It is a still afternoon. Something deliciously smoky and pungent is in the air. I am waiting to interview Kiran, a trans rights activist who lives with a disability. His wife Manasa* has walked me down from the bus stop. I’m sitting in a cosy home, stone-roofed. I’m immediately led into the room with a fan, on full blast, where I wait for Kiran.
‘Special,’ Manasa announces, placing a beautifully cooked akki rotti on a plate before us, once Kiran has completed a meeting and arrives. We sip coffee and talk.
The display case is filled with photographs. He shows me album after album of photographs of activities, friends, awareness-raising events. The stories abound. The many identities he navigates are a source of endless tension. ‘I may be accepted as a disabled person, but will people accept me as a trans person?’ But it also extends to his origins in Andhra Pradesh: as a migrant, he’s received threats and blackmail attempts from the far-right outfit Karnataka Rakshana Vedike.
Because he is of Lambani origin, obtaining an accurate ST certificate was a herculean task. Because he has polio, he was enrolled as a child by a supportive teacher in a women’s disability hospital. But because he is trans, he was extremely uncomfortable around women. ‘I had to act like a woman in the hostel, but inside I felt like a boy.’ Teachers harassed him, pressuring him to present as a girl. ‘I came to the hostel because I didn’t feel accepted at home. And now I was uncomfortable at the hostel too.’
‘If you want the full story,’ Kiran says, ‘you have to start with our love story.’
He was 15 when they met, in Warangal. Manasa is one year his junior; Manasa’s sister was Kiran’s classmate. Their friendship slowly developed over activism projects for disabled communities; soon, they were in love. ‘I sensed the attraction the very first time we met,’ he recalls. After a few months, things began to get serious. ‘On the one hand there is genuine happiness, but there’s also the worry that she shouldn’t be inconvenienced or troubled by associating with me. But she didn’t relent.’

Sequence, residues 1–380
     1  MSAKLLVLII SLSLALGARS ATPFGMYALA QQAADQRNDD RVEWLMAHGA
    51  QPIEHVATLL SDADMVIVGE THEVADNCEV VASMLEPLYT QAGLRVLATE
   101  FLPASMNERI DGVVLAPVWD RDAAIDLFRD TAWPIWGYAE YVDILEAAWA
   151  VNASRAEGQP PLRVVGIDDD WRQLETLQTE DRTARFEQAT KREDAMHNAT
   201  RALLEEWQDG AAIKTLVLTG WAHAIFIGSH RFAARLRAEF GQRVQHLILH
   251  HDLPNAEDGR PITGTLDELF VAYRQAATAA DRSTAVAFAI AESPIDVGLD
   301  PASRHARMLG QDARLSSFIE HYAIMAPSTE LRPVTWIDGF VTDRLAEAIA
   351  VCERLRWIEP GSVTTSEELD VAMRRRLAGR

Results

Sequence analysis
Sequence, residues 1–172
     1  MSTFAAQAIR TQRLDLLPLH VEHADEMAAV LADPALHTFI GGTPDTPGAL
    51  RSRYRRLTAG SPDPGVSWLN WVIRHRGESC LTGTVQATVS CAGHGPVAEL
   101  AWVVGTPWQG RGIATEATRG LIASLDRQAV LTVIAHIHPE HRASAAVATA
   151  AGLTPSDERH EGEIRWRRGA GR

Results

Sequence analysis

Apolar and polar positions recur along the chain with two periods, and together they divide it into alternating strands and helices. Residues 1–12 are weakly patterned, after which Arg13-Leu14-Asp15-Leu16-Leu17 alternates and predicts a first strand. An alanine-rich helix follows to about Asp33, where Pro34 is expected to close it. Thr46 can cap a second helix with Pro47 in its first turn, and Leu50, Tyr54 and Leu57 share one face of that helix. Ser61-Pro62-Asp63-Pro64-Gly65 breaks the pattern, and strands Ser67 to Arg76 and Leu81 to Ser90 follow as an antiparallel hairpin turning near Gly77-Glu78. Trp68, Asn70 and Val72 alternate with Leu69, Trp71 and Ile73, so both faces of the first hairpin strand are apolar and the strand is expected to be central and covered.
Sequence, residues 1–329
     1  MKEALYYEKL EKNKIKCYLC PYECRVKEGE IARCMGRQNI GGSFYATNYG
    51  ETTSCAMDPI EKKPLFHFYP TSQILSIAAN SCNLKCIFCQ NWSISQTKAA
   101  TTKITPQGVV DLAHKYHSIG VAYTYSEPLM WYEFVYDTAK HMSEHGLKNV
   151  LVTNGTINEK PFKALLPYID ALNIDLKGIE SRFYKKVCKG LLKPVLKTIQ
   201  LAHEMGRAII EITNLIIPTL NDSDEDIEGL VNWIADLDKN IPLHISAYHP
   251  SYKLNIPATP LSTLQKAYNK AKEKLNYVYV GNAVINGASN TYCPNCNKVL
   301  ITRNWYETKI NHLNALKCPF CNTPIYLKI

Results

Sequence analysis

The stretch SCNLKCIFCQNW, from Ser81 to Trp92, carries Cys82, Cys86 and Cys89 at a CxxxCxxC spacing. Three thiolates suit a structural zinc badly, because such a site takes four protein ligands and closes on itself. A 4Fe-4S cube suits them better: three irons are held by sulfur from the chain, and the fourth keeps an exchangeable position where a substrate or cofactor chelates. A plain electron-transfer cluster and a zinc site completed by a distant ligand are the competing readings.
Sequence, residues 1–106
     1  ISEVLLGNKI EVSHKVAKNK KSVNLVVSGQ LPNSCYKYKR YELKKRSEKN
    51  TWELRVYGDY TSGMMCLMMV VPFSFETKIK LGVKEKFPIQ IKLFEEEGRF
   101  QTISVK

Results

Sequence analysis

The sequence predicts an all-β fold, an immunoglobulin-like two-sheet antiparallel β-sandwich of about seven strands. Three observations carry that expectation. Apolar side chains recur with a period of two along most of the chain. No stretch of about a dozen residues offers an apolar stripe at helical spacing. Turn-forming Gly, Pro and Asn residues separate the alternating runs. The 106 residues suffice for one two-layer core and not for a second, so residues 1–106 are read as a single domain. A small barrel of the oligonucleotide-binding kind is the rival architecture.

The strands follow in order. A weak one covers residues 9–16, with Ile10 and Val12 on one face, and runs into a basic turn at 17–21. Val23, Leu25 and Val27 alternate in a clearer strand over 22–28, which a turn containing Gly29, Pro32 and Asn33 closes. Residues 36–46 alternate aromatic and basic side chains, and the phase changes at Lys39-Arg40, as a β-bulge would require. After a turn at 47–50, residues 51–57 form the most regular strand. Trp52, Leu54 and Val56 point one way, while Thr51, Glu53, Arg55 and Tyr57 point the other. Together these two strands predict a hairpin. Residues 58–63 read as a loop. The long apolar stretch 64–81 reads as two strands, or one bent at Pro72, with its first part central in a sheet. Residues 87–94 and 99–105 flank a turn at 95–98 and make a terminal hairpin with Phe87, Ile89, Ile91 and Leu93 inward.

But Manasa’s parents wanted to get her married. When she nearly got engaged, she decided that action had to be taken. ‘She called me and said, you marry me or else I will die,’ Kiran recalls, sipping coffee. ‘I thought she must be joking. I met her and explained the situation, the problems.’ He felt that the opposition they would face would make their lives extremely difficult. ‘Society will not accept us. Be well and marry somebody else, is what I said.’ As it transpired, this was foresight.
There was much fear and stress. Kiran was concerned about the responses of their family and friends. One day Manasa swallowed poison. That’s when he kicked into action. ‘That’s when I said, okay, something has to be done. But by then the family began to doubt that there was something between us. They blocked our friendship, didn’t allow us to meet each other.’
Then, one day in March 2008, determined to sustain their love, they left for Thirupathi. ‘It was 7 am. We had it planned — it would be done, pukka.’ A mass wedding ceremony was taking place, with 125 marriages, Kiran says. They explained the situation, said that it was a love marriage, that their families weren’t amenable. ‘We appealed to them to help us. They saw that I was disabled and didn’t ask too many questions.’
At last, Manasa and Kiran were married.
Things didn’t end there. Manasa called her parents and said that she had married Kiran. ‘Do whatever you will, I’m not returning home,’ Kiran recalls her saying. Manasa’s family used their clout to violently confront Kiran’s family. They placed a complaint, alleging that Kiran had kidnapped their daughter — a common strategy for families who object to voluntary marriages. The police promptly booked a case, and, according to Kiran, began to track their cell phones. By now, the couple were in Nizamabad, on the advice of a friend. They had switched off their phones, fearing a barrage of angry phone calls. ‘But I switched it on for a second, and the police found my location,’ he says.
A media circus ensued. ‘They began to attack, and ask very negative questions.’ I ask if he’s comfortable talking about what must surely have been a difficult and upsetting experience. ‘Yes yes, no problem.’ At first there were one or two channels, and then, when the couple visited the police station, they were faced with an entire crowd of media persons. ‘They were running it live, and as breaking news. I wasn’t able to answer their questions. They were extremely invasive: this is against our culture, how will you have children.’